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June 8, 2012 | By | Posted in General News

PA: New district maps moving to Supreme Court

 

Plans show reduction of county, municipal splits
 
By Melissa Daniels | PA Independent
 
HARRISBURG — Pennsylvania voters are closer to learning who they can vote for.

The Legislative Reapportionment Commission on Friday voted 4-1 for a set of legislative maps that will go to the Supreme Court for approval.
 
 
Now, the commission must wait.
 
House Majority Leader Mike Turzai, R-Allegheny, said he's confident the House map should meet expectations.
 
"I think the past decision, given the existing court precedent, was wrong, but I've done my job, and the commission has done its job, and I feel quite strongly that we are well within the bounds of constitutional precedent," Turzai said.
 
In addition to Turzai, the commission consists of Senate Majority Leader Dominic Pileggi, R-Chester; Senate Minority Leader Jay Costa, D-Allegheny; House Minority Leader Frank Dermody, D-Allegheny; and retired Superior Court Judge Stephen McEwen, who was appointed by the state Supreme Court as chairman.
 
 
Those concerns were addressed in recent revisions. In the House plan, the map shows a reduction of 40 municipal splits, down to 68 from 108 in the remanded plan. In the Senate map, the plan eliminates 19 city ward splits in Philadelphia alone.
 
Pileggi said the new Senate plan "minimizes the number of political subdivisions and makes districts more compact."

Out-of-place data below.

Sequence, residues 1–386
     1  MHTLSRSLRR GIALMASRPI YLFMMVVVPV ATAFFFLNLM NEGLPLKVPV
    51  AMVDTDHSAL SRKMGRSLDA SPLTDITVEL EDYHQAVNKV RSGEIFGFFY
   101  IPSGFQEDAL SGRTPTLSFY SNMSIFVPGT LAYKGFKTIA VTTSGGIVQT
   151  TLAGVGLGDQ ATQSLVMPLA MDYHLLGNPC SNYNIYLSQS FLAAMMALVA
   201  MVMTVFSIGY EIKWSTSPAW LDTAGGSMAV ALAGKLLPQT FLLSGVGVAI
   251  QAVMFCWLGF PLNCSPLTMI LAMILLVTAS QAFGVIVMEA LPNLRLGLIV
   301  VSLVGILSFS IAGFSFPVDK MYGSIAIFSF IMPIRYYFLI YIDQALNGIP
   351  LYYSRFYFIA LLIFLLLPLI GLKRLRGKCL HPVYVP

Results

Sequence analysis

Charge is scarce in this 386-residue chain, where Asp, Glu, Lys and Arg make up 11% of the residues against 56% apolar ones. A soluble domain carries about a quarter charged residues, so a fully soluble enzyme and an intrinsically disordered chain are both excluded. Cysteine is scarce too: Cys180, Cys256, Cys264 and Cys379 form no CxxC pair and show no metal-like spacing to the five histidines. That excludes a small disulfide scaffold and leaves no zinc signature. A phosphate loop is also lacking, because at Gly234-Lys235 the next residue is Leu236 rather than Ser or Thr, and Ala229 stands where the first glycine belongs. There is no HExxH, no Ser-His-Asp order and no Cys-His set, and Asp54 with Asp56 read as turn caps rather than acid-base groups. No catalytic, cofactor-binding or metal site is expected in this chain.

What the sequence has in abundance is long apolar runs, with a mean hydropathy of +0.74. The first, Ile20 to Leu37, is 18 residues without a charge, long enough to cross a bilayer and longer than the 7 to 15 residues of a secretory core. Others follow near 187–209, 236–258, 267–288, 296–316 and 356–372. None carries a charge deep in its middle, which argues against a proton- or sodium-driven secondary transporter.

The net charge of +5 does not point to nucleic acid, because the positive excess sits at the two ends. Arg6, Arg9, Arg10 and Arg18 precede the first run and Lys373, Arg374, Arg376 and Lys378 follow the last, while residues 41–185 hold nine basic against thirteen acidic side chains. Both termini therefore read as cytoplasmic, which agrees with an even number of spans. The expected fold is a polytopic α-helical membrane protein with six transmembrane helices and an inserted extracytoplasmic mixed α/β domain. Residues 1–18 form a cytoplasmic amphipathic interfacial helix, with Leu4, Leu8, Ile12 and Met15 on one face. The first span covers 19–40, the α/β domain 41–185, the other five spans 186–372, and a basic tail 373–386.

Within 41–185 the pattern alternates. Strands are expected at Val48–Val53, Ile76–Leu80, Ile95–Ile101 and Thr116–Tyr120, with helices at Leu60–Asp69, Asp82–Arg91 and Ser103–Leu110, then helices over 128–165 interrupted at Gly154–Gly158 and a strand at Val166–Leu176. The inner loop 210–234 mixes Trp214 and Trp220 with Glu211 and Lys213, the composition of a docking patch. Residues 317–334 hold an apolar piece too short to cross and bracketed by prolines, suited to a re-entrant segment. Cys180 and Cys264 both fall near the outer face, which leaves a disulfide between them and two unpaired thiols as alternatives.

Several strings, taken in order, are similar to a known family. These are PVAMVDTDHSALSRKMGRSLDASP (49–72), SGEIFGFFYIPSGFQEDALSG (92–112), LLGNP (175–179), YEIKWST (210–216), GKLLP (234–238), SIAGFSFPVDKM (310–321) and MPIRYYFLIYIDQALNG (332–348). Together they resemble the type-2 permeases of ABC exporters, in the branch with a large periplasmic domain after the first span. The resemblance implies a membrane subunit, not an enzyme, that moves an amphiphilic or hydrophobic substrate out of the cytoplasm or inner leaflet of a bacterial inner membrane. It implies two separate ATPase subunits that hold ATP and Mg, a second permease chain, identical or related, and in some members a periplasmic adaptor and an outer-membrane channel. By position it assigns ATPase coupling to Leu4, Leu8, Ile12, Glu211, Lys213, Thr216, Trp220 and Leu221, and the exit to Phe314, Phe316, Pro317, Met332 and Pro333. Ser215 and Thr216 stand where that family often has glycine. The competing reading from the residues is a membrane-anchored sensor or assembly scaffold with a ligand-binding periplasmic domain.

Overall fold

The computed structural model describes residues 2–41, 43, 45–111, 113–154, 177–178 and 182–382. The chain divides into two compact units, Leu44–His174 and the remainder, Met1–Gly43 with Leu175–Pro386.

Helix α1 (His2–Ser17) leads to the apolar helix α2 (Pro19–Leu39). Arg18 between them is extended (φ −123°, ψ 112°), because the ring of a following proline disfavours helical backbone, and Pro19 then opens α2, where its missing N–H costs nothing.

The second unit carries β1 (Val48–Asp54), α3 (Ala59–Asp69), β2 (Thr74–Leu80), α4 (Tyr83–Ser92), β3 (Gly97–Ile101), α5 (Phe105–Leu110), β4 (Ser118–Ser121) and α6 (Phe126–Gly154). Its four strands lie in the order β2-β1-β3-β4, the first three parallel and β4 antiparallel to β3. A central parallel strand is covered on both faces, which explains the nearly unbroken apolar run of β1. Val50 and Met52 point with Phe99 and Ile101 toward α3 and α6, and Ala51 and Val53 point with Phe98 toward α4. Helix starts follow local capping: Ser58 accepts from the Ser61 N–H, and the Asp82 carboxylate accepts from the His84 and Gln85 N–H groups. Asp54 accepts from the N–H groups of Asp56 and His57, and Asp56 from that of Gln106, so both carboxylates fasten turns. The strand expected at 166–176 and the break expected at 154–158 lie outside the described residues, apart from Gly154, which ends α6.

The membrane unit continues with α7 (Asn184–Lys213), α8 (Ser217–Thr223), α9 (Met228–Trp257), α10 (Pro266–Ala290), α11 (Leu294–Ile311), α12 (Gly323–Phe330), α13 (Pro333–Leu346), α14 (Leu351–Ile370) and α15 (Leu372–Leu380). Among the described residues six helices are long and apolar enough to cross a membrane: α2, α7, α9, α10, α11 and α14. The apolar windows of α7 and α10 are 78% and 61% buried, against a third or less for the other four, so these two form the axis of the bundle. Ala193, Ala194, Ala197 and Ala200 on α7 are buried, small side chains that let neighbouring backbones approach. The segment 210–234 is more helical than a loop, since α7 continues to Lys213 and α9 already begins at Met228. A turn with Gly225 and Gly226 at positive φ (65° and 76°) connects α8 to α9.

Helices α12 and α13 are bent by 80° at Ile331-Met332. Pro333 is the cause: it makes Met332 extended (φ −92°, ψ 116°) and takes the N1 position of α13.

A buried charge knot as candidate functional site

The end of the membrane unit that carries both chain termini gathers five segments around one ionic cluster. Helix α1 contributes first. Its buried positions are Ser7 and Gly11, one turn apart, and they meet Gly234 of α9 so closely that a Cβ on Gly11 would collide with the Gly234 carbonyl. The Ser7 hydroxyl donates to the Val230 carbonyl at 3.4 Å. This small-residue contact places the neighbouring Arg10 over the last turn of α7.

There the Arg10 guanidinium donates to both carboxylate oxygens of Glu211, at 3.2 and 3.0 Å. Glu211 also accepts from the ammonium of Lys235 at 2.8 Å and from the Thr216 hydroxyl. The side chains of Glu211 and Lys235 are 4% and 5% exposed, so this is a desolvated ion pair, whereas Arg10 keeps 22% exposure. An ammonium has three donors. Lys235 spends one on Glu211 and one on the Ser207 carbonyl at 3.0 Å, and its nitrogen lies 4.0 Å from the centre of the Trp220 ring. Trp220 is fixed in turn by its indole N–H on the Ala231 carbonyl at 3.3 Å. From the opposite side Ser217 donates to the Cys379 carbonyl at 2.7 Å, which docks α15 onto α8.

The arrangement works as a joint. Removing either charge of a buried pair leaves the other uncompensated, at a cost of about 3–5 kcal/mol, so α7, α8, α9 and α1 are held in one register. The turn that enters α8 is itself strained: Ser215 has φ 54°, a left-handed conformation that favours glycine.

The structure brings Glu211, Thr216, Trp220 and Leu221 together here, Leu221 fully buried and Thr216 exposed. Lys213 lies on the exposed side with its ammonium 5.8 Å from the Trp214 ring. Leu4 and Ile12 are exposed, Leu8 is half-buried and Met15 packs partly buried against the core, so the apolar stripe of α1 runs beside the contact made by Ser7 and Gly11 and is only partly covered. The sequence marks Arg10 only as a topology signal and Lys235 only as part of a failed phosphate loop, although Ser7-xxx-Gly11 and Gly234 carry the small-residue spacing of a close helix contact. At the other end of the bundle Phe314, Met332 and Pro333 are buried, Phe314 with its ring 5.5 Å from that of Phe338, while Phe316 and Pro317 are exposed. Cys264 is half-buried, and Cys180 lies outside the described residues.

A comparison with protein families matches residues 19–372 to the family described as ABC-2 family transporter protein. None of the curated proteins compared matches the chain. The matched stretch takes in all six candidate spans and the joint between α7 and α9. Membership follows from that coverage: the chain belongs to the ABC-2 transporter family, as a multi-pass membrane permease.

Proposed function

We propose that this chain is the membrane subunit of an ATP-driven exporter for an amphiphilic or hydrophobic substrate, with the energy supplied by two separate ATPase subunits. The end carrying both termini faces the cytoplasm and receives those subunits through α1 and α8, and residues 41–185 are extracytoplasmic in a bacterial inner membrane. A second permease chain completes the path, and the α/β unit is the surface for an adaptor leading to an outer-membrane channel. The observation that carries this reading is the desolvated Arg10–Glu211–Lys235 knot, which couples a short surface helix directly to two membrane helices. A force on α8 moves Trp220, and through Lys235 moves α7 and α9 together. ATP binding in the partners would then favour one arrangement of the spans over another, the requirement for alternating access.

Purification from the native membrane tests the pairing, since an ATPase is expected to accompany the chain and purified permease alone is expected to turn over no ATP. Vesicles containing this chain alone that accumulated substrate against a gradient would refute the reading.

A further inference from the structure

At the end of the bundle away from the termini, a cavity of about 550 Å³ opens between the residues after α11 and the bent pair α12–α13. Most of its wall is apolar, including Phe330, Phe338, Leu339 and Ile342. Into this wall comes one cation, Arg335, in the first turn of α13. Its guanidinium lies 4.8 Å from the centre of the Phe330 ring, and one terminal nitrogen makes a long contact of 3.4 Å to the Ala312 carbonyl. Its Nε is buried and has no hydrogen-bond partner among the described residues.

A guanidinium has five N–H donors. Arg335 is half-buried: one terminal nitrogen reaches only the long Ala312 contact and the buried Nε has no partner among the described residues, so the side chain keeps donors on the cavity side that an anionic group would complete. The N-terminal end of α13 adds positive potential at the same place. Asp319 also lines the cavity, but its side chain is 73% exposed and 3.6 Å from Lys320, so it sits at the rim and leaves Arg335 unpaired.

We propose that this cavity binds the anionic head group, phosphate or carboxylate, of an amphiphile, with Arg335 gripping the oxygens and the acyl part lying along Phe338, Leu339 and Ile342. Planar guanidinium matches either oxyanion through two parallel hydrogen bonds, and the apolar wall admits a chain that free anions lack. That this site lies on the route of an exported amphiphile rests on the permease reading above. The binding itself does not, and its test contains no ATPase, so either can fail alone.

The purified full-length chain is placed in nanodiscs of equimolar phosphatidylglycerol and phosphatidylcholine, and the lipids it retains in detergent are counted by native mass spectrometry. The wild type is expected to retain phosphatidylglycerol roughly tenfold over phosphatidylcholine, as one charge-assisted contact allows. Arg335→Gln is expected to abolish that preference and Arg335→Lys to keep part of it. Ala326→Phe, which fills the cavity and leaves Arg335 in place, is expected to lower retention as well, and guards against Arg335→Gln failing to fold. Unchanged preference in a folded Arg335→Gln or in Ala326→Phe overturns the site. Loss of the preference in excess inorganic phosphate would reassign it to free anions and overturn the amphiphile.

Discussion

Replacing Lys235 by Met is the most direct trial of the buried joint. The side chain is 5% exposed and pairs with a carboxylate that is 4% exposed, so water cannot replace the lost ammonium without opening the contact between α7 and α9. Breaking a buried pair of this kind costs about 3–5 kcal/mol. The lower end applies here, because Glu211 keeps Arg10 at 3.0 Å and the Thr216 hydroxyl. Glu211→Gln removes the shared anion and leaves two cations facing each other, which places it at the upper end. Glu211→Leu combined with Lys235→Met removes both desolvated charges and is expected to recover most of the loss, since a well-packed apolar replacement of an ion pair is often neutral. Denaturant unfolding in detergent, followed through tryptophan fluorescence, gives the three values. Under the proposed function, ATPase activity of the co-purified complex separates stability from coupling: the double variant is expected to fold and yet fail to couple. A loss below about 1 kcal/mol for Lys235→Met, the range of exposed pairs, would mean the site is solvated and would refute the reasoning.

Now that the commission officially has approved the plan, the public has 30 days to file an appeal with the state Supreme Court, before justices will vote on final approval.
 
However, not all were satisfied with the proposed district lines, citing partisan interests. Costa introduced an amendment to redraw the Senate map in such a way that would eliminate 10 county splits, which was voted down 3-2.
 
“More importantly, as you look at this map, you will determine that they were all done and connected to enhancing Republican performance in Senate districts,” Costa said.
 
Costa, who was the lone vote in opposition to the plan, said he was “very disappointed” that maps were “back where it started.”
 
Dermody said the House map wasn't perfect, but it was constitutional, while addressing the "specific concerns the court expressed in its February opinion."
 
 
Holt said she’s not sure if she’ll be filing an appeal, but this round of maps, much like the last, doesn’t stick to the rules of the Constitution, which says population, compactness and contiguousness must dictate district lines.
 
“The standard here is the Constitution, not necessarily prior plans,” Holt said.
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